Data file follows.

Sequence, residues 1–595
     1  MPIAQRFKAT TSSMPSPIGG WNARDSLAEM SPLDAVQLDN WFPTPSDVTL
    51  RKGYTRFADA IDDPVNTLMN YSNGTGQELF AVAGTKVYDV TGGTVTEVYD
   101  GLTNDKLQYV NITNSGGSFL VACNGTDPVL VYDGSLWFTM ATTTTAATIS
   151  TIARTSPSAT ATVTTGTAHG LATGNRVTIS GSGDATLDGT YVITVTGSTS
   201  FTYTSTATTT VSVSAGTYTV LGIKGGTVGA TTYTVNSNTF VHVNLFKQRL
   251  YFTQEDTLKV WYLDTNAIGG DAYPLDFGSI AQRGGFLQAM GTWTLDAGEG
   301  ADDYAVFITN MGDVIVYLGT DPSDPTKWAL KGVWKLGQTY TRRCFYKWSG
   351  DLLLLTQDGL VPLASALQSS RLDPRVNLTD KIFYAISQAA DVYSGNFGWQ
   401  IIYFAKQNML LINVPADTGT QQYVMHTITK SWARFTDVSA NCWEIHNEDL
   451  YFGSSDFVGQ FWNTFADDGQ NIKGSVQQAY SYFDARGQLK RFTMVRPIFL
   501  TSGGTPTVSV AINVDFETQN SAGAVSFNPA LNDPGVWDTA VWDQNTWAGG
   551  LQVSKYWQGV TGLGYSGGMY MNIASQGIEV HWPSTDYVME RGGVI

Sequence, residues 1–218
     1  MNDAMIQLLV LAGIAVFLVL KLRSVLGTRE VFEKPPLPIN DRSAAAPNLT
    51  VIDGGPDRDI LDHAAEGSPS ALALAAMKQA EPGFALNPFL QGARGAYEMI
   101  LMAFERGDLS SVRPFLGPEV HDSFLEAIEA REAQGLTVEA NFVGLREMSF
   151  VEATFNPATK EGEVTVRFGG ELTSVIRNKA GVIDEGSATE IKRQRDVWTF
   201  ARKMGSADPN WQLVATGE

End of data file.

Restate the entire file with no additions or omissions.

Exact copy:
Sequence, residues 1–595
     1  MPIAQRFKAT TSSMPSPIGG WNARDSLAEM SPLDAVQLDN WFPTPSDVTL
    51  RKGYTRFADA IDDPVNTLMN YSNGTGQELF AVAGTKVYDV TGGTVTEVYD
   101  GLTNDKLQYV NITNSGGSFL VACNGTDPVL VYDGSLWFTM ATTTTAATIS
   151  TIARTSPSAT ATVTTGTAHG LATGNRVTIS GSGDATLDGT YVITVTGSTS
   201  FTYTSTATTT VSVSAGTYTV LGIKGGTVGA TTYTVNSNTF VHVNLFKQRL
   251  YFTQEDTLKV WYLDTNAIGG DAYPLDFGSI AQRGGFLQAM GTWTLDAGEG
   301  ADDYAVFITN MGDVIVYLGT DPSDPTKWAL KGVWKLGQTY TRRCFYKWSG
   351  DLLLLTQDGL VPLASALQSS RLDPRVNLTD KIFYAISQAA DVYSGNFGWQ
   401  IIYFAKQNML LINVPADTGT QQYVMHTITK SWARFTDVSA NCWEIHNEDL
   451  YFGSSDFVGQ FWNTFADDGQ NIKGSVQQAY SYFDARGQLK RFTMVRPIFL
   501  TSGGTPTVSV AINVDFETQN SAGAVSFNPA LNDPGVWDTA VWDQNTWAGG
   551  LQVSKYWQGV TGLGYSGGMY MNIASQGIEV HWPSTDYVME RGGVI

Sequence, residues 1–218
     1  MNDAMIQLLV LAGIAVFLVL KLRSVLGTRE VFEKPPLPIN DRSAAAPNLT
    51  VIDGGPDRDI LDHAAEGSPS ALALAAMKQA EPGFALNPFL QGARGAYEMI
   101  LMAFERGDLS SVRPFLGPEV HDSFLEAIEA REAQGLTVEA NFVGLREMSF
   151  VEATFNPATK EGEVTVRFGG ELTSVIRNKA GVIDEGSATE IKRQRDVWTF
   201  ARKMGSADPN WQLVATGE